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Again, we are trying to fit our experiences into the words we have for
describing them.
 
Rich starts out thinking he's seen narratives and seen spectacles and
wants to talk about them, but immediately somebody tells him to define
"narrative" and define "spectacle" and pretty soon what he sees will have
to fit the definition.  The definition--need for it, structure of
it--isn't coming from the filmic world which, for Rich, *contained* the
narratives and the spectacles.
 
I know this is going to sound churlish--forgive me--but don't we all know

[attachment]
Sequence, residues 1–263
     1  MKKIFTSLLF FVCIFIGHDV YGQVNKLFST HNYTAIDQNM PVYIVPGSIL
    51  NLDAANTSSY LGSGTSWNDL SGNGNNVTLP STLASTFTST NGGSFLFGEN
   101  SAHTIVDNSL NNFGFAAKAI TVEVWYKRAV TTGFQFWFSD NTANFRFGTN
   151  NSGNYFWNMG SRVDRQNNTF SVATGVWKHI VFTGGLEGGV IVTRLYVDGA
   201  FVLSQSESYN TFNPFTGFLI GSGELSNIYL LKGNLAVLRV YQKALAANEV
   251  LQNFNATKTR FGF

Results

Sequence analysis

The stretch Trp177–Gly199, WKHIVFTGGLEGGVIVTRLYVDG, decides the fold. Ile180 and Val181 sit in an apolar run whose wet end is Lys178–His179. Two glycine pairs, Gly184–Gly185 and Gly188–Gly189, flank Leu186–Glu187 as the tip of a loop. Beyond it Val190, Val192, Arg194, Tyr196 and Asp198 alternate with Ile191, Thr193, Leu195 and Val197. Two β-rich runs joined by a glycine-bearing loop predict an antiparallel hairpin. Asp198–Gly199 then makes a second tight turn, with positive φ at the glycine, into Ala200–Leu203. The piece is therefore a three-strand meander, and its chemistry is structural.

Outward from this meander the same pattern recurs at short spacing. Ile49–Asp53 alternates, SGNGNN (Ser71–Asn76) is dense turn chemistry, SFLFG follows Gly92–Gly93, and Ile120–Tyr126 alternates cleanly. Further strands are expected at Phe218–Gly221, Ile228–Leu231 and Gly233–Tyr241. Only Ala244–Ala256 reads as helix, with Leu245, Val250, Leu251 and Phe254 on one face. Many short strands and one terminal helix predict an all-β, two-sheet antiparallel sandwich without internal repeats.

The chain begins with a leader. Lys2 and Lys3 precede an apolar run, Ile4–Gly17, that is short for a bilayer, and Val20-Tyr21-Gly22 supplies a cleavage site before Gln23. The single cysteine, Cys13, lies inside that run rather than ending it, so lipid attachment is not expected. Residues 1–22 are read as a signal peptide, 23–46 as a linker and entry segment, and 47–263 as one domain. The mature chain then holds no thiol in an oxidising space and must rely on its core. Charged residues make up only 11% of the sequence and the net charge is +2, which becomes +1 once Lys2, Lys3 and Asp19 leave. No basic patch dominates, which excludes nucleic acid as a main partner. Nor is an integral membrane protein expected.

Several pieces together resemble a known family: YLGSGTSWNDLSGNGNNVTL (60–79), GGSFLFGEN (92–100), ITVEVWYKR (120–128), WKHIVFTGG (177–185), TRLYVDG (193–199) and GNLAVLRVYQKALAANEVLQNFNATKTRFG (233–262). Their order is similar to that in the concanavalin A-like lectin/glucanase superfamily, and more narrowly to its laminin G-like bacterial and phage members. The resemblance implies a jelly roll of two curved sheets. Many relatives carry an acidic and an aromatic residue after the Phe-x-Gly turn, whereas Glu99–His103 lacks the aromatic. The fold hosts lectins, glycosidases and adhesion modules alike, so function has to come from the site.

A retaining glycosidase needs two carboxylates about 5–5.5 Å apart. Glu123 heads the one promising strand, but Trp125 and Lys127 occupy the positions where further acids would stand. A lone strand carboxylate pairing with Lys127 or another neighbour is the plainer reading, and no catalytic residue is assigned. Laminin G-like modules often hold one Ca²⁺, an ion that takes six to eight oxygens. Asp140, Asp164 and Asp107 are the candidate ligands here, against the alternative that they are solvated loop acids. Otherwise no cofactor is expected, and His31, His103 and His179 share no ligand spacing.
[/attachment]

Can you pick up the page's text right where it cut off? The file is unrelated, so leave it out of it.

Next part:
what a narrative is, and also what a spectacle is?  If not, then please
also tell me what "define" is so I'd know how to "define" a "narrative."
Why do so many contemporary academics insist on writing and speaking as
though they don't have English?  Or some other language?  What on earth
is the problem with writing plainly about what one sees, without having
first to define "plainly" and "sees" and "what" and "about"?
 
Amicably, in truth--
 
Murray Pomerance
Toronto
 
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